Faced with a year in France I felt nothing but excitement. My studies here, won’t count towards my degree; “my French fresher year” is the rhetoric I repeat when asked about the Erasmus experience. The formulaic nights out in Birmingham of pre-drinks, followed by Gatecrasher, that terminate at rooster house are difficult to recreate in a French city but luckily ,we don’t need to. After a few weeks of battling with bouncers who always found reasons to prevent our entry, we discovered a club nearby in the company of some Bordelaise. Right in the middle of a silent street in one of the nicer areas of town is not where we were expecting to find a place to go out and to enter you ring a doorbell. Imagine if Snobs had a doorbell. Unfortunately unlike Snob’s £1 beers, drinks here are around the 10 euro mark. However, we are privileged with an abundance of Bordelaise wine to be drunk beforehand at pré soirée. You can take the English student out of Birmingham…
The best way to travel in Bordeaux is by tram. First battle the half mile queue for your tram card, once you’ve obtained, that the city is your oyster! As long as you don’t mind being crammed against other travellers, having elbows in your face, standing shoulder to shoulder with other passengers or crying babies; not to mention the customary French dog on each tram. Then there is the tram chat; whilst attempting to tell my friend that my stop was next I accidentally told him I was planning to dismantle the tram, completely lost in translation. He laughed in my face… quelle Erasmus.
France is full of little contradictions. It has the best cuisine in the world, yet I was presented a plate of beans as a main course. Then there´s the inconsistent authority. Whilst visiting Birmingham last year my French friend Marlène explained to me that she thought England had too many restrictions, that in France there is a saying, “Trop de règle, tue la règle”- too many rules, kill the rules. Forgot your library card? Not a problem you don’t need it. Library fines?! Don’t seem to exist. Forgot your ID? France doesn’t care; go ahead and buy your drinks, and walk straight into clubs (as long as the bouncer likes the look of you, you’ll be fine). Forgot your tram pass? Just hop right on; take the risk alongside the French youths because you don’t need it to get on, but if you see the inspectors at the other end of the tram don’t forget to hop back off.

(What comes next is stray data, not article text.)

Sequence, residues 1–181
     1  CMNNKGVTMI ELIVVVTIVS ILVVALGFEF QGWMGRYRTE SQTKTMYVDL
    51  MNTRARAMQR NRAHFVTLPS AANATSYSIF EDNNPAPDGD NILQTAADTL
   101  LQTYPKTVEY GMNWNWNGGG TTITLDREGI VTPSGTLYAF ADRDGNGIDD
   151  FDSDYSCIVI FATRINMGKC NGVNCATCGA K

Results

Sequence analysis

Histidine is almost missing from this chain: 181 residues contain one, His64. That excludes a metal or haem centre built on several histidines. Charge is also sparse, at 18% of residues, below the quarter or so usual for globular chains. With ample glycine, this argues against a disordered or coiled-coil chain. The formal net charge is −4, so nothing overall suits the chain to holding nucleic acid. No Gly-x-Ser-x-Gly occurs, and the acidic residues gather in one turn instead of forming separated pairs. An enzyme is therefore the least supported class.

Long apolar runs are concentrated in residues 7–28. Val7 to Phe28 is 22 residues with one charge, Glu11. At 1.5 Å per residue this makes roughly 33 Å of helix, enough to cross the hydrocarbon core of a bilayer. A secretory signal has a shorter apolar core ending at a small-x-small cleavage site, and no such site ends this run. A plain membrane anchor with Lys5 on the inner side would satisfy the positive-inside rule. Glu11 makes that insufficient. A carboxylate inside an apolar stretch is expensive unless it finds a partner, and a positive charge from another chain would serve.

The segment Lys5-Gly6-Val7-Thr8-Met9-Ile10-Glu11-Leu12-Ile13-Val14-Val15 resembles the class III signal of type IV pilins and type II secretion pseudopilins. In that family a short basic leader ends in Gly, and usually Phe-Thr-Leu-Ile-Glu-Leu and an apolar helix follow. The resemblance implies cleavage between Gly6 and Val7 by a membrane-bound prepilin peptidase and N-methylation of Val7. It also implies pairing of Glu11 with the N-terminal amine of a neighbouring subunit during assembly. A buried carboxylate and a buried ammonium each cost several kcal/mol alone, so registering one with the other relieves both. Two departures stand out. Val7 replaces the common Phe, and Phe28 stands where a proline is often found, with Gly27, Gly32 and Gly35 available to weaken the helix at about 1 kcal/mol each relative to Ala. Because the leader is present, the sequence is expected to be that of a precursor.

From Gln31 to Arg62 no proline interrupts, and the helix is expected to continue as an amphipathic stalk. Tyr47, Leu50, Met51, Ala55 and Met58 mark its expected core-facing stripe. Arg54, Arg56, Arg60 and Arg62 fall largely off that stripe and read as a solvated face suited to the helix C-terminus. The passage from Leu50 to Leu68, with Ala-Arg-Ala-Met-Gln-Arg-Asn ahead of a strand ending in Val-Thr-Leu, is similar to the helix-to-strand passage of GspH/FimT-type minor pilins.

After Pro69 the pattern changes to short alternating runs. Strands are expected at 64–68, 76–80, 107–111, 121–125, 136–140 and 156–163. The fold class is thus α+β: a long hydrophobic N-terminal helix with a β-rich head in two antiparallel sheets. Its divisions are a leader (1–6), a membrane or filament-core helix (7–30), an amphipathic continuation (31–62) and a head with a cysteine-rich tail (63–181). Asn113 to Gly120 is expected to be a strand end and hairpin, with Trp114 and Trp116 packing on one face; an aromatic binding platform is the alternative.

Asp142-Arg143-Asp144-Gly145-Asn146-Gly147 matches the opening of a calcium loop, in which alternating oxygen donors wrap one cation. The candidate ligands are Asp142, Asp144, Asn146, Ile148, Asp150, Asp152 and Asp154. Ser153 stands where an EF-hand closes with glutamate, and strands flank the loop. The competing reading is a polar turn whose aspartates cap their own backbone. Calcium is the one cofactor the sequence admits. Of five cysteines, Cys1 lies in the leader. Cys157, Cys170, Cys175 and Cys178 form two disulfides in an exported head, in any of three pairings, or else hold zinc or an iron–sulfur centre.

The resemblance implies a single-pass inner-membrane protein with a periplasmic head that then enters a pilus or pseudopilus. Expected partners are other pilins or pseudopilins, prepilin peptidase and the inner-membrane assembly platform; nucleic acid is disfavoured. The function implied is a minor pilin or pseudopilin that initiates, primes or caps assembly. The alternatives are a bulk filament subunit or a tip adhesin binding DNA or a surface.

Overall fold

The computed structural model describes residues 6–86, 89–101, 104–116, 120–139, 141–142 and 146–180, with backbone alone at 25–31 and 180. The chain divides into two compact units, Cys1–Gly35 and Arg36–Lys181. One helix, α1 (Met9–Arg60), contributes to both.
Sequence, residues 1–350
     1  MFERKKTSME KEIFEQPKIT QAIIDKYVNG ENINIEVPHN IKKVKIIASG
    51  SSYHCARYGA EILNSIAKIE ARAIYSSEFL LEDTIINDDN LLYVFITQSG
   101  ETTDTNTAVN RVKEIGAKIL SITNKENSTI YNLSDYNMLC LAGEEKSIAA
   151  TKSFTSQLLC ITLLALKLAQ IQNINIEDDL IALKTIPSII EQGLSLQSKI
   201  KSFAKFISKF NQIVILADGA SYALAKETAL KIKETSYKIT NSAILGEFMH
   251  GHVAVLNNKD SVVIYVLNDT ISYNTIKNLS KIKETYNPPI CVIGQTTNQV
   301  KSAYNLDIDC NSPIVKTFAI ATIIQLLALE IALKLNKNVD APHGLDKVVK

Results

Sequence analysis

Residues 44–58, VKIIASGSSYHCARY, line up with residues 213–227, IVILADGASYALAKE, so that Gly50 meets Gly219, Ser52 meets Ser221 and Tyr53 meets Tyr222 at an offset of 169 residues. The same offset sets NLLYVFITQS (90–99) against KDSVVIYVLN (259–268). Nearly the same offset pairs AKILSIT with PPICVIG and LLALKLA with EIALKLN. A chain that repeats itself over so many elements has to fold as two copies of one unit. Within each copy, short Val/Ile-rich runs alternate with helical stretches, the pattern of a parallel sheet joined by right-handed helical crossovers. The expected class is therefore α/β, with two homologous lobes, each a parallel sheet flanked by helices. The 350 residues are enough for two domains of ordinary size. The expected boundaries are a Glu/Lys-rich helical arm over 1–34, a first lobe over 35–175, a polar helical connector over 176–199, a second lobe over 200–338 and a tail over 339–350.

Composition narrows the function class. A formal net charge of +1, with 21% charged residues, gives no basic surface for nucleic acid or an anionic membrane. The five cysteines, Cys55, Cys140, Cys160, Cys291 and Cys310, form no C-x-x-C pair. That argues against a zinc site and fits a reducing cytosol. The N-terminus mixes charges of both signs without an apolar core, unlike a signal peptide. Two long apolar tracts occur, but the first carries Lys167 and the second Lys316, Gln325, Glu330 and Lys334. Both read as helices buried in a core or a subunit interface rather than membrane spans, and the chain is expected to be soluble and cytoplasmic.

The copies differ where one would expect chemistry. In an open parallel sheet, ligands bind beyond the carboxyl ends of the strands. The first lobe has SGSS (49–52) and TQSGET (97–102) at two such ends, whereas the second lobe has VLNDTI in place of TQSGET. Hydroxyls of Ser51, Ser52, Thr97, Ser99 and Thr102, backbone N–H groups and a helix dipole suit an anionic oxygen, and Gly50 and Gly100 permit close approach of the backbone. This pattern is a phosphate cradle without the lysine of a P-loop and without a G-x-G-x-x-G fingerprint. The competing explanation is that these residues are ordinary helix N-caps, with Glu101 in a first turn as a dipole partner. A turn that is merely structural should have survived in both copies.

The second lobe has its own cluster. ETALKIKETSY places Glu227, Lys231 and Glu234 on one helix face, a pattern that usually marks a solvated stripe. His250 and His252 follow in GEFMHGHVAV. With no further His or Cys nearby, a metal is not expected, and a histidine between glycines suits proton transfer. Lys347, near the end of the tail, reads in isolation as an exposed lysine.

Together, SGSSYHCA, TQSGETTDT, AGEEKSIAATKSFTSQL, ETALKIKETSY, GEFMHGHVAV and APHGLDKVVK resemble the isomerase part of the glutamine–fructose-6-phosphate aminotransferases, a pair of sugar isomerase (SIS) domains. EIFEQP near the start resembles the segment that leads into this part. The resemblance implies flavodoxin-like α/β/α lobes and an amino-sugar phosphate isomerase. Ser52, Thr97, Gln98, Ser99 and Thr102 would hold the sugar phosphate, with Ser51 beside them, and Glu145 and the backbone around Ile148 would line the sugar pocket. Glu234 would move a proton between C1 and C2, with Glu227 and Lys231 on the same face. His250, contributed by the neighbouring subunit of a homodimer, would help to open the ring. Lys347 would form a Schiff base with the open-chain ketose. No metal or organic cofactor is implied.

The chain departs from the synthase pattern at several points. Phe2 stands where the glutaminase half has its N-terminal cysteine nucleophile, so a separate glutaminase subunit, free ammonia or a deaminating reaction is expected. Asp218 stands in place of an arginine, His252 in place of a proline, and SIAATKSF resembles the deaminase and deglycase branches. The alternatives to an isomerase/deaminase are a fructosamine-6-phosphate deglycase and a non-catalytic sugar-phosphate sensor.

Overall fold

It all seems nice and relaxed until you are confronted with French administration. France loves administration. So much so that they have even created Administrative law, which I have the pleasure of studying for a year, and don´t forget where the word bureaucracy comes from. But when it comes down to it things appear disorganised. Nothing’s simple; Birmingham hands us nice little timetables with our modules, while in Bordeaux it feels like we have to scrabble around in attempt to work out what we are even allowed to study. Two e-mails, a letter from my employer, a phone call and about eight trips to the “scolarité” office later, I was finally allowed to attend my chosen lectures.
Overall Bordeaux is a beautiful city. It’s no surprise that certain areas are on the UNESCO world heritage list. It is often described as a mini Paris without the harshness of being capital city, as the 9th biggest city in France. It also boasts the title of wine capital of the world. As an Erasmus student, I was immediately presented with an international circle of friends and became closer with a lot of my German friends before I even met any French students. We are privileged to live in a vibrant, international and historical city which is only 45 minutes from the stunning Atlantic coast, where I have spent many enjoyable Thursdays attempting to surf. Small hiccups such as a plate of beans are easy to overcome. After mentioning the incident to a Birmingham friend, a book entitled French vegetarian cuisine arrived in the post for my